What If You Catch a Cold or Flu Virus in Pregnancy?

Pregnancy is an exciting and scary time. What if you get sick with a cold or flu? Which treatments are safe and which can harm your baby? House Call Doctor explains.

Sanaz Majd, MD
6-minute read
Episode #140

How to Treat Cold and Flu in Pregnancy

  • Nasal congestion:  Use a humidifier – this will return some moisture into the air, which will help open up your nasal passages and subsequently drain that mucus (similar to a soothing warm-shower effect).
  • Runny nose:  If the dripping is leaving your nose feeling like an over-flowing faucet, then one group of over-the-counter drugs you can ask your doctor about are antihistamines that work to “dry up” those tubes.  The most well-studied in pregnancy are chlorpheniramine and diphenhydramine, typically our first-line choices for expecting mothers.
  • Fever, sore throat, geadache, body aches:  Please never use an anti-inflammatory drug while pregnant – this includes aspirin, ibuprofen, Aleve, Motrin, or Advil.  The only over-the-counter pain aid or fever reducer deemed safe during pregnancy is acetaminophen (or Tylenol).
  • Flu vaccine:  Prior influenza pandemics were associated with more severe symptoms and risks (including death) in pregnant women.  For that reason, we recommend the flu vaccine for every pregnant woman. 

What Treatments to Avoid in Pregnancy

  • Non-steroidal anti-inflammatories:  Like I mentioned earlier, these are contraindicated in pregnancy.  Drugs such as ibuprofen and aspirin have been associated with some fetal defects, such as heart anomalies, cleft palate, and gastrointestinal defects.
  • Throat lozenges:  Be careful when selecting a throat lozenge to treat your sore throat.  Some ingredients, such as zinc, are controversial and have been associated with some possible fetal anomalies (such as brain defects).  Opt for acetaminophen for your sore throat instead of a lozenge. Or better yet, drink some hot tea with lemon or honey.
  • Vitamin C:  Large doses of vitamin C can also be harmful in pregnancy and doctors don’t recommend supplementation for viral syndromes -- there have been reports of it causing scurvy in infants born to moms who took high doses of vitamin C while pregnant.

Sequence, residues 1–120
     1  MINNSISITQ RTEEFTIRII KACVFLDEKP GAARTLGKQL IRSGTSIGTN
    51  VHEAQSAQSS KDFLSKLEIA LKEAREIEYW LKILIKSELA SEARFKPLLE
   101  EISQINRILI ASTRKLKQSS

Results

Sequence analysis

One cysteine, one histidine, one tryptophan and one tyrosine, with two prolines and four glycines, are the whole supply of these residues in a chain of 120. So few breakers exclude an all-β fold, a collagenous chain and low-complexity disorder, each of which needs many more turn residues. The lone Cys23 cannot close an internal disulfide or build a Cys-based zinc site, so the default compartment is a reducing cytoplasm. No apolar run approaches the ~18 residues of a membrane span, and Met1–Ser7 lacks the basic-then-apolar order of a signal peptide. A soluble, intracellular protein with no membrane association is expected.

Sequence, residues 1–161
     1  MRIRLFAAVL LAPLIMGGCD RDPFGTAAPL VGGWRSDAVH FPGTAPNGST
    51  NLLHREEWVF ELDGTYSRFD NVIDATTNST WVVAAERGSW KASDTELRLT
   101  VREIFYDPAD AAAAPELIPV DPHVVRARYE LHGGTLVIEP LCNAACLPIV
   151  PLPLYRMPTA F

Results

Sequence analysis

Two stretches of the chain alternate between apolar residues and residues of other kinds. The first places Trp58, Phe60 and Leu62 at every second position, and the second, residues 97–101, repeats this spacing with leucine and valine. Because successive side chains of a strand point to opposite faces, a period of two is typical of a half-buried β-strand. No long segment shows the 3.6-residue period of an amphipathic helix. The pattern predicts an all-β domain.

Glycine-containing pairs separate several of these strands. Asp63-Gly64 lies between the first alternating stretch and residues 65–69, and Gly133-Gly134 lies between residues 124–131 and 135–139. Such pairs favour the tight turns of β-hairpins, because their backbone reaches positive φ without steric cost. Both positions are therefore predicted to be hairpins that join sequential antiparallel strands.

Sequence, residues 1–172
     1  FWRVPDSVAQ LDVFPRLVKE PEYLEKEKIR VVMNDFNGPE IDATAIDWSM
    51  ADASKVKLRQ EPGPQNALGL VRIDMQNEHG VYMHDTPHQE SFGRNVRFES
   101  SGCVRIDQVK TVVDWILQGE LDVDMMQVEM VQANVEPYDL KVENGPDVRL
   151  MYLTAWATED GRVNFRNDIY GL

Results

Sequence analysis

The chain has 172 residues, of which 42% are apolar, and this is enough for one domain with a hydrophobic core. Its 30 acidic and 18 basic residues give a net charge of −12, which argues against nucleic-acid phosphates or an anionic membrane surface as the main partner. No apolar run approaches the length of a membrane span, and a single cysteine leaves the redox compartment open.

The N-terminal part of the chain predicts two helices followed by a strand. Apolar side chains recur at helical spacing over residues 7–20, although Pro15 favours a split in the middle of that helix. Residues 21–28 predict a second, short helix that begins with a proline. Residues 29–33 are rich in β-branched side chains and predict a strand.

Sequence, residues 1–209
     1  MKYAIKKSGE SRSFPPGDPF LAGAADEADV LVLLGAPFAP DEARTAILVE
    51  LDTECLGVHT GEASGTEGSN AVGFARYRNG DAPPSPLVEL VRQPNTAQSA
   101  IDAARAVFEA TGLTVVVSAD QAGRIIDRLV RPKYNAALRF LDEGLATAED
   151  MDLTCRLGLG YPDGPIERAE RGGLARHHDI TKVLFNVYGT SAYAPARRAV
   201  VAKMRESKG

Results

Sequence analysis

• Cough medicines:  Cough syrup ingredients, such as codeine, dextromethorphan, and guaifenisin, haven’t been well-studied in pregnant women.  Because we are not sure of their effects on a growing fetus, they are to be avoided in pregnancy.
  • Decongestants:  Decongestants such as pseudoephedrine and phenylephrine are also not advised as they can increase blood pressure and have been associated with certain congenital fetal anomalies.

Quick and Dirty Tip:  Antibiotics do not work on viruses.  Antibiotics only work for bacterial illnesses – such as pneumonia, urinary tract infections, strep throat, ear infections, and bacterial sinusitis (nasal congestion is usually viral, however, especially the first 7-10 days of an illness).  Contrary to popular myth, bronchitis is also typically viral (but may require other prescription treatments).

Red Flags

The common cold virus is, well, pretty common.  And the flu virus runs rampant in the winter months.  But if you experience any of the following symptoms, you should consult your doctor right away:

  • Difficulty breathing or shortness of breath
  • Increased heart rate
  • Wheezing
  • Chest pain
  • High fevers
  • Abdominal pain
  • No improvement in symptoms after 7-10 days
  • Severe symptoms or anything out of the ordinary

The truth is, pregnancy is truly a special time in our lives.  For those women who have been given the gift of fertility, please treasure it and treat your body and baby with great care and love.  When in doubt about anything, seek your doctor's advise.  If it doesn’t feel like the run of the mill cold, then it’s always better to be safe than sorry, especially when you are pregnant.  And again, before you consider any treatment, you should always consult your obstetrician.

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Pregnant woman sneezing and pregnant woman with cold images courtesy of Shutterstock.


Please note that all content here is strictly for informational purposes only. This content does not substitute any medical advice, and does not replace any medical judgment or reasoning by your own personal health provider. Please always seek a licensed physician in your area regarding all health related questions and issues.

About the Author

Sanaz Majd, MD

Dr. Sanaz Majd is a board-certified Family Medicine physician who graduated from Drexel University College of Medicine in Philadelphia. Her special interests are women's health and patient education.